With all due respect to my friend Chris Whalen, the view from Main Street in Ashland, Missouri; Newman Grove, Nebraska or Pine Mountain, Georgia is much different than the view from the 26th floor of West 57th Street in New York City.

Chris, I imagine there are more people working in your office building than the total populations of all three of those small towns combined. In fact, your office building probably has more workers in it than a great many of the towns and small cities served by community banks.

Your piece, "TAG Actually Gives Big Banks the Advantage," argues, in essence, that big banks have more to gain from TAG extension because they hold the lion's share of TAG deposits. Of course they do. They also hold the lion's share of the nation’s banking assets, but this misses the point.

Everyone knows that unbridled concentration has created a discrete group of banks that are "too big to fail" and enjoy 100% deposit insurance regardless of FDIC coverage or any deposit insurance program for that matter. And as former chairman Greenspan stated before the Council on Foreign Relations in 2009, "[large financial institutions] have an implicit subsidy allowing them to borrow at lower cost because lenders believe the government will always step in to guarantee their obligations." We agree with former chairman Greenspan. The too-big-to-fail banks enjoy an implicit pricing advantage and subsidy because of their status.

But the concentration of TAG deposits with the megabanks doesn't make TAG any less important to the thousands of community banks that use the program. Our banks are defined in terms of millions of dollars instead of billions or even trillions, but this does not make them any less important to the communities and local rural areas they serve. In many cases the local community bank is the financial hub of the town it serves.

We agree that then-FDIC Chairman Sheila Bair did the right thing in 2008 in creating TAG to reassure depositors and stave off a dislocation of the banking system. And we need to continue to do the right thing in 2012 by temporarily extending the program until the small business sector and municipal governments feel it is safe to keep their money in their local banks and not move it to too-big-to-fail institutions. As long as we continue to have a steady string of "Friday failure nights," TAG must continue.

Let's be honest here. The megabanks don't need TAG to retain deposits but community banks do. Too-big-to-fail is an implicit, unfunded insurance policy underwritten by the taxpayer. It gives depositors all the assurances they need. In a still-fragile economy, there is no viable substitute for TAG that will reassure depositors in too-small-to-save community banks. The virtue of TAG is this: It makes the cost of insurance coverage explicit and shifts it to the banks, large and small, and away from the taxpayer.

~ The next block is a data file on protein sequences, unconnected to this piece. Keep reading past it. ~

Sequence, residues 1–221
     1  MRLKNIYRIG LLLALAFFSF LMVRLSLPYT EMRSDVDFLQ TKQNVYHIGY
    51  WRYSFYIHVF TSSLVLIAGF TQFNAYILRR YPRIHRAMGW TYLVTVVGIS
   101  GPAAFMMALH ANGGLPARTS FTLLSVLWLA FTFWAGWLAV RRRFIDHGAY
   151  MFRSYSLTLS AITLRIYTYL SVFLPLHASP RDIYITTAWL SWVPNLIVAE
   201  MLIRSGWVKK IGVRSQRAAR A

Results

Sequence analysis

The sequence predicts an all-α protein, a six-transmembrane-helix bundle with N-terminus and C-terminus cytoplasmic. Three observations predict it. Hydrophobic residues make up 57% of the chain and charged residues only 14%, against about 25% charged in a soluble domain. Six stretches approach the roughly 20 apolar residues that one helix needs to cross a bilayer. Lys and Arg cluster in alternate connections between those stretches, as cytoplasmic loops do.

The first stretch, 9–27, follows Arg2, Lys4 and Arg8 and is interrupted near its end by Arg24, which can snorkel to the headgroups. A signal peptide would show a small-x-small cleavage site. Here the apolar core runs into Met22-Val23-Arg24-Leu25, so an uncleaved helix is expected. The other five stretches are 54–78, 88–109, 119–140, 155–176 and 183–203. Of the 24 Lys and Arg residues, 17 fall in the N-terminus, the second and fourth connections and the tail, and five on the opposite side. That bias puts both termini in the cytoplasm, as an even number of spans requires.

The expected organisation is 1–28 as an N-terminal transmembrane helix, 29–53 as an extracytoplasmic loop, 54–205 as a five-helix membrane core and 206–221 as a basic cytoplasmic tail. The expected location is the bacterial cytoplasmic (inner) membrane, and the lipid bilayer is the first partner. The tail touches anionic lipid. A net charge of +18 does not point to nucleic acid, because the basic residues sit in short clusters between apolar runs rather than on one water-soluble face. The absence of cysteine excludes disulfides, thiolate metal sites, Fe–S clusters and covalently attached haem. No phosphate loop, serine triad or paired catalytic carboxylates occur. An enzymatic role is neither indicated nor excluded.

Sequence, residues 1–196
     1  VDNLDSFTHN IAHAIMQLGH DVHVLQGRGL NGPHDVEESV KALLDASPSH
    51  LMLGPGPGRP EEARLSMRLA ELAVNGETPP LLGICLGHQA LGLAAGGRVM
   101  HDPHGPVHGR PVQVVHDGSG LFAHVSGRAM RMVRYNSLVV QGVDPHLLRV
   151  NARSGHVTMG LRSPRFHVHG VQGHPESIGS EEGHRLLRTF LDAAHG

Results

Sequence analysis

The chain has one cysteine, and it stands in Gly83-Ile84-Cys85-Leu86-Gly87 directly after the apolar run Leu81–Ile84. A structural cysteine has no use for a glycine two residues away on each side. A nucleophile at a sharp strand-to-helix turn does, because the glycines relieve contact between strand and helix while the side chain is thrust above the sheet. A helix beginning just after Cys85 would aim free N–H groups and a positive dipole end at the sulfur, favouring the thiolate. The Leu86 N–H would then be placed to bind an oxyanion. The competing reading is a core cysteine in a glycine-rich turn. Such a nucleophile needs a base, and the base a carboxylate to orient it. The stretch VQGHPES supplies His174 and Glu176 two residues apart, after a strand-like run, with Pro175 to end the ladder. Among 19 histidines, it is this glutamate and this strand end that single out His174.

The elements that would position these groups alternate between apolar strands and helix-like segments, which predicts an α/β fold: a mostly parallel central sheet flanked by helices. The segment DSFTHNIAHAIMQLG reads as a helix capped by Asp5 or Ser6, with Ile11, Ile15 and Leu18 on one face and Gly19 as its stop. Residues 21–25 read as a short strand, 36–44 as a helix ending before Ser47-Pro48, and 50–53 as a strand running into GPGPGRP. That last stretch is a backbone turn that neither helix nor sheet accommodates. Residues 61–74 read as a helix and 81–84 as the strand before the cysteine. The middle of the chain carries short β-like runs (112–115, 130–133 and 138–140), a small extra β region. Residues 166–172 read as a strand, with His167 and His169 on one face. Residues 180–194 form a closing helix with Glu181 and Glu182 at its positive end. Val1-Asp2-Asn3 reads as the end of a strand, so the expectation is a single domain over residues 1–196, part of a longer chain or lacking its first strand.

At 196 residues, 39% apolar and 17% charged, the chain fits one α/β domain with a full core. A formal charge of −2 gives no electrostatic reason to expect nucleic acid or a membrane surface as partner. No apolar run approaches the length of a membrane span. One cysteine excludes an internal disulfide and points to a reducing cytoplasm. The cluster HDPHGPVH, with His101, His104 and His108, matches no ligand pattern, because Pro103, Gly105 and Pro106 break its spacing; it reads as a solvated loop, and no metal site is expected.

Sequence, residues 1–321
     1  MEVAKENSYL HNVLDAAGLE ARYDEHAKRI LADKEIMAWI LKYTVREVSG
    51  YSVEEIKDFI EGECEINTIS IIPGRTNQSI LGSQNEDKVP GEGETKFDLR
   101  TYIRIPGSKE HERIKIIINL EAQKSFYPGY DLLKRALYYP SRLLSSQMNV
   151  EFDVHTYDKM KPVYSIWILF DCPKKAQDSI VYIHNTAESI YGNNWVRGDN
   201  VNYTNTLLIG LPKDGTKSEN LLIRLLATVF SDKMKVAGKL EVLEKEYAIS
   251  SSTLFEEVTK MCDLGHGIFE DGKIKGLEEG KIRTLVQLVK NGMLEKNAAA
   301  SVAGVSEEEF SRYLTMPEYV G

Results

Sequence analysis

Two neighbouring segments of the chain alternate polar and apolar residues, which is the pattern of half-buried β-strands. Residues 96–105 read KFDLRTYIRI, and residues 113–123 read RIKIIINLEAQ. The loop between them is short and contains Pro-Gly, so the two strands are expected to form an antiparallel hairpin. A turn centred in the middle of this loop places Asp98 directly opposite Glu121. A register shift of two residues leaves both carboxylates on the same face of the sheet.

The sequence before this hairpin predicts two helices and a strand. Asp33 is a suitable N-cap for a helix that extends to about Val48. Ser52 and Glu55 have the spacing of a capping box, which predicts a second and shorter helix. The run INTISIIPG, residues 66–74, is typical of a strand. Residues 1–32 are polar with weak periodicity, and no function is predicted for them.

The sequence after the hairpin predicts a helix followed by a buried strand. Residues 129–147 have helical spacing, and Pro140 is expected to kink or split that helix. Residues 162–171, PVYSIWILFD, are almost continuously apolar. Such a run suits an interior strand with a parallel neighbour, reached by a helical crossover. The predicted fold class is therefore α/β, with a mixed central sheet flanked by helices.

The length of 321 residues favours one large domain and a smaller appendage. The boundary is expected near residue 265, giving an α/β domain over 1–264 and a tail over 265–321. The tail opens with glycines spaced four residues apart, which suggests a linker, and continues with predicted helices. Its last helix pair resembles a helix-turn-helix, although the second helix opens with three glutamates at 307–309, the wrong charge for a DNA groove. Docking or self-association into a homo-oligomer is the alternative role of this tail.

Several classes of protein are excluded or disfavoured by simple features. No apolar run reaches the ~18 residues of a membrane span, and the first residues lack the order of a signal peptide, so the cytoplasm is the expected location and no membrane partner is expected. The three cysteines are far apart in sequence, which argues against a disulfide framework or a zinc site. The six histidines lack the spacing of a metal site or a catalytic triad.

You use numbers and statistics to argue your point, Chris. In some cases, I don't know where those numbers come from, nor do the experts I've asked. However, I prefer to argue from my point of view as one who was a long-time community banker and knows firsthand how important the TAG is to those banks that really need the extension.

As a community banker, I have to question the accuracy of information on which you build your argument. You suggest, for example, that community banks obtain "private insurance" at "one tenth the cost" of TAG. Really? Do you seriously think that community banks would reject a viable substitute at one tenth the cost?

Please don't make the mistake of underestimating the business savvy of community bankers. The market for private insurance is not stable. At the first hint of trouble, private insurers yank coverage or exit the business — as happened repeatedly during the financial crisis.

Another crucial example: You suggest that FHLB advances are a substitute for deposits attracted by TAG. FHLB advances must be pledged by collateral such as mortgages and other secured loans. Apples and oranges. Plus, substituting FHLB advances for TAG deposits does not change the FDIC premiums a bank pays since the assessment base is now assets less tangible capital (not domestic deposits).

And if extending TAG really benefits the large banks, why are they not supporting it?

Community bankers can think for themselves. The overwhelming majority of community banks (80 percent, according to a recent ICBA survey) strongly favor a temporary extension of TAG. Community bankers know their business and don't need to be enlightened from midtown Manhattan.

Camden R. Fine is the president and chief executive officer of the Independent Community Bankers of America